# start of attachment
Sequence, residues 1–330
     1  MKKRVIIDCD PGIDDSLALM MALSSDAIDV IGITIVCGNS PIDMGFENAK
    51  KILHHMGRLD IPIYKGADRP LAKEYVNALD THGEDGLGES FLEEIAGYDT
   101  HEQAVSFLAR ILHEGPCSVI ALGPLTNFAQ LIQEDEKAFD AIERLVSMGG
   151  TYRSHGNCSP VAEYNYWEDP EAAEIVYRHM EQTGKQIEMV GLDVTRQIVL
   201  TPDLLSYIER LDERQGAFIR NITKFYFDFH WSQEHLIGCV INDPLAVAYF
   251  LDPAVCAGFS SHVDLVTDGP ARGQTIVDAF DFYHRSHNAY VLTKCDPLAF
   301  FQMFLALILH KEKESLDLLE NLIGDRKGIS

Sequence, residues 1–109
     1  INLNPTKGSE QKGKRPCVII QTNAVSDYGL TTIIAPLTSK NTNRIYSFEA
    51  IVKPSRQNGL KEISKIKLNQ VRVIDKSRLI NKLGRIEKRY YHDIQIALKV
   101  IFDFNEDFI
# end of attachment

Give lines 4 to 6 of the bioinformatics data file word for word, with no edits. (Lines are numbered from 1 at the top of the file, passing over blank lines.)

   101  HEQAVSFLAR ILHEGPCSVI ALGPLTNFAQ LIQEDEKAFD AIERLVSMGG
   151  TYRSHGNCSP VAEYNYWEDP EAAEIVYRHM EQTGKQIEMV GLDVTRQIVL
   201  TPDLLSYIER LDERQGAFIR NITKFYFDFH WSQEHLIGCV INDPLAVAYF